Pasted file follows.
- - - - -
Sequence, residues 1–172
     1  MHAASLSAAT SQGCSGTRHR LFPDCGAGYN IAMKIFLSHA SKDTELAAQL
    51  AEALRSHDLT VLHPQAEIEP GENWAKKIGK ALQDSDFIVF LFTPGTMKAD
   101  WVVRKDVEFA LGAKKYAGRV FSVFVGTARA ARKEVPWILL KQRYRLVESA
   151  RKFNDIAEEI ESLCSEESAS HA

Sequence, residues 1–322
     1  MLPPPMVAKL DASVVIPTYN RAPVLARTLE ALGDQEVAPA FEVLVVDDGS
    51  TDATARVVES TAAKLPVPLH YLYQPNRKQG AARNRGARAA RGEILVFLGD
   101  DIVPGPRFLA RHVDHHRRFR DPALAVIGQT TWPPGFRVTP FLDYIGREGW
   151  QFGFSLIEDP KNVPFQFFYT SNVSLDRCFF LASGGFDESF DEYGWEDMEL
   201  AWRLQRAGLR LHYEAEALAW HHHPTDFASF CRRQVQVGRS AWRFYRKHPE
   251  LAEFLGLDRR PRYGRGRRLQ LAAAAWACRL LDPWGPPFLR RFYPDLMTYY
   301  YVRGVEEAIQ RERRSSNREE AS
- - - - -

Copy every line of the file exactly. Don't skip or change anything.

Sequence, residues 1–172
     1  MHAASLSAAT SQGCSGTRHR LFPDCGAGYN IAMKIFLSHA SKDTELAAQL
    51  AEALRSHDLT VLHPQAEIEP GENWAKKIGK ALQDSDFIVF LFTPGTMKAD
   101  WVVRKDVEFA LGAKKYAGRV FSVFVGTARA ARKEVPWILL KQRYRLVESA
   151  RKFNDIAEEI ESLCSEESAS HA

Sequence, residues 1–322
     1  MLPPPMVAKL DASVVIPTYN RAPVLARTLE ALGDQEVAPA FEVLVVDDGS
    51  TDATARVVES TAAKLPVPLH YLYQPNRKQG AARNRGARAA RGEILVFLGD
   101  DIVPGPRFLA RHVDHHRRFR DPALAVIGQT TWPPGFRVTP FLDYIGREGW
   151  QFGFSLIEDP KNVPFQFFYT SNVSLDRCFF LASGGFDESF DEYGWEDMEL
   201  AWRLQRAGLR LHYEAEALAW HHHPTDFASF CRRQVQVGRS AWRFYRKHPE
   251  LAEFLGLDRR PRYGRGRRLQ LAAAAWACRL LDPWGPPFLR RFYPDLMTYY
   301  YVRGVEEAIQ RERRSSNREE AS